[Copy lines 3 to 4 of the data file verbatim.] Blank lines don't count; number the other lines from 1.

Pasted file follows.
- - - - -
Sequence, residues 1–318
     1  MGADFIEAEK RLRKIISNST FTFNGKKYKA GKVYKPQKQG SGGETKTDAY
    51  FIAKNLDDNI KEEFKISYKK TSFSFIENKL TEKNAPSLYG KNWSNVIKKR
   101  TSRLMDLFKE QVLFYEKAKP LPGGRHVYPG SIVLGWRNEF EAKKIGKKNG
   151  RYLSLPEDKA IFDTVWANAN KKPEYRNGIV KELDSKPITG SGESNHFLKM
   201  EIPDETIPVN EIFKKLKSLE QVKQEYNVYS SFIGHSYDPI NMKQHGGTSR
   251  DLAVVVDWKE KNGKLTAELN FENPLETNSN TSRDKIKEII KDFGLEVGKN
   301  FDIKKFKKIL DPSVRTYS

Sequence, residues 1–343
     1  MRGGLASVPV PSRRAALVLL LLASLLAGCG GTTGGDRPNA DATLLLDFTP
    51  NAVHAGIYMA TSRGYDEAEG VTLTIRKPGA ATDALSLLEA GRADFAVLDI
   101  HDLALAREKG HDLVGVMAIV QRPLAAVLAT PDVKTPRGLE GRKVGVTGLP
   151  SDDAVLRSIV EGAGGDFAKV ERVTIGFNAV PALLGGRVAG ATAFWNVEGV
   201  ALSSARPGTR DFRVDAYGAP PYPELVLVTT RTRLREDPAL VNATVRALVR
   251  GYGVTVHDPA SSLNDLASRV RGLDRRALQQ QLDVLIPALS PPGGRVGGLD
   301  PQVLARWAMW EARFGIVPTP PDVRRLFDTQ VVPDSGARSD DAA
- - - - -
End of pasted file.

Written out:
    51  FIAKNLDDNI KEEFKISYKK TSFSFIENKL TEKNAPSLYG KNWSNVIKKR
   101  TSRLMDLFKE QVLFYEKAKP LPGGRHVYPG SIVLGWRNEF EAKKIGKKNG